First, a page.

- a commission should be established to look at the potential of a land value tax to possibly supersede the council tax (and business rates).
- through a revision the NPPF should require special justification for new dwellings of more than two bedrooms – suitable for both downsizers (that should include some with relatively large gardens) and new households.
- the NPF should be revised o require any dwellings of more than two bedrooms to be designed so as to be easily and cheaply re-configured to form two smaller dwellings (a condition on the original permission could permit this sub-division without further application - a provision that might require an amendment to the General Permitted Development Order - GPDO). Grants could be made available to pay for sub-divisions.
- the NPPF should be revised to support conditions being applied on planning permissions for new dwellings requiring planning permission to be obtained for extensions that would reduce the supply of smaller (more affordable and more energy efficient) dwellings.
- the GPDO should be changed to reduce the scale of extensions that could be built without express permission that would make housing larger, less affordable and less energy efficient. Express permission and special justification should be required for significant extensions and all at two storey extensions – with support for extensions that would enable sub-division to smaller dwellings.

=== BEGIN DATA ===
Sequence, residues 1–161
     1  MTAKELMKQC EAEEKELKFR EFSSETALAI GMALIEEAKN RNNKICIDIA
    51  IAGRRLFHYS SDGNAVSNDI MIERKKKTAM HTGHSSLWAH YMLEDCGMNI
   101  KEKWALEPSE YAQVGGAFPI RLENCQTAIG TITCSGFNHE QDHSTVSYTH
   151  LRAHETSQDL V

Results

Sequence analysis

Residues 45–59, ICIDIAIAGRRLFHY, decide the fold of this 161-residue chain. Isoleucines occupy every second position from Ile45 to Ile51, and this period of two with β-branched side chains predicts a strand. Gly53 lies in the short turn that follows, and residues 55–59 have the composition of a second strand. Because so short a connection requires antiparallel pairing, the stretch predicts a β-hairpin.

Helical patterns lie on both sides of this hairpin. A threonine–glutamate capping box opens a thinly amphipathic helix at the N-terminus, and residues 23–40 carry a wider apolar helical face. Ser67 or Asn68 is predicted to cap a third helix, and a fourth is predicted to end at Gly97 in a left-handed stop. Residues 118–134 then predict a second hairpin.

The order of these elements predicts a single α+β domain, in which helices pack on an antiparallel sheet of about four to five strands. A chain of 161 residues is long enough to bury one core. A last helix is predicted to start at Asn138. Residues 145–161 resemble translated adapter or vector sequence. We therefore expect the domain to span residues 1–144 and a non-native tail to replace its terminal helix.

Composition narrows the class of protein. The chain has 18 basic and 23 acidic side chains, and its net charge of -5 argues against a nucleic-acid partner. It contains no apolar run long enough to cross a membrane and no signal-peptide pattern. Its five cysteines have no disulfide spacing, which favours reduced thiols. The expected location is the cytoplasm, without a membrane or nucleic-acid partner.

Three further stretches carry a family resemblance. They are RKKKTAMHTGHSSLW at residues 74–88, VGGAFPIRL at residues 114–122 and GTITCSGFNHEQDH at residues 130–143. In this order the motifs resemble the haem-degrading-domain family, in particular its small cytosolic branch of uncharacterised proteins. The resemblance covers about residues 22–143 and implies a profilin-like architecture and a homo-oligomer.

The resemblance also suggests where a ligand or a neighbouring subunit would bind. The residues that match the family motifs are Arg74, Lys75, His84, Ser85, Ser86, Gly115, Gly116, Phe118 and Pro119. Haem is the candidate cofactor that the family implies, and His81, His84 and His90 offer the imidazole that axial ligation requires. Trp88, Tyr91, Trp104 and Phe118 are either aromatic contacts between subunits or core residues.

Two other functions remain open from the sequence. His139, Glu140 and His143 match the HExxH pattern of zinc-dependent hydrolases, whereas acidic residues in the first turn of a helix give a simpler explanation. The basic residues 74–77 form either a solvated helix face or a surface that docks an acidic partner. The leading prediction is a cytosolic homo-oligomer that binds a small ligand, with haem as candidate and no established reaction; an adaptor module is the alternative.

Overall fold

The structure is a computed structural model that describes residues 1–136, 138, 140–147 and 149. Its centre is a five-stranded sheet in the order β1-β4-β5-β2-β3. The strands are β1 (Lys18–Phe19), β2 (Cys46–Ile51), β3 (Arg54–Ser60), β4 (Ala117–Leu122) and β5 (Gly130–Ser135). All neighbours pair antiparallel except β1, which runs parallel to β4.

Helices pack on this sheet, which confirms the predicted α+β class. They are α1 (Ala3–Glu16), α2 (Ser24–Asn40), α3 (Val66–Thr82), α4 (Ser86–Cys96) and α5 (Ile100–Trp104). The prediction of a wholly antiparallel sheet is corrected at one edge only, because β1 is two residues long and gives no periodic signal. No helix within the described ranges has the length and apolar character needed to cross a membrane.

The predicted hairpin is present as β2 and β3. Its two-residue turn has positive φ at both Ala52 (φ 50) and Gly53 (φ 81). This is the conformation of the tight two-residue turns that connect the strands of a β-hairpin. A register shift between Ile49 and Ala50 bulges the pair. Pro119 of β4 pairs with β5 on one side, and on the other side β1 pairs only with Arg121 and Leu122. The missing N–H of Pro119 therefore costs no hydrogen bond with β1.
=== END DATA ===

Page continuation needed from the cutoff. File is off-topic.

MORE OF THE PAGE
- the Right to Buy should be repealed together with substantial improvements in the law/regulations applicable to the social and private rental sectors in terms of security, and control over rent increases. A ‘right to stay’ should apply to those defaulting on payments who have exercised the ‘right to buy’ – possibly through an equity release to a registered provider.
- both Help to Buy and Funding for Lending should be repealed
- the criminalisation of squatting should be repealed
2. Energy efficiency and reduction of greenhouse gases
Under-occupancy is a substantial driver of carbon emissions; inefficient use of building materials, wasted space heating and, by lower population density reduces the level of use and viability of local services, including public transport. The difficulty that transport, energy production, manufacturing, agriculture and leisure sectors will experience in reducing their GHG emissions quickly and in accordance with the Climate Change Act/Carbon budgets and 2011 Carbon Plan, places an additional burden on buildings (including housing) where the technologies are available to reduce emissions to below zero (becoming net producers of low/zero carbon energy).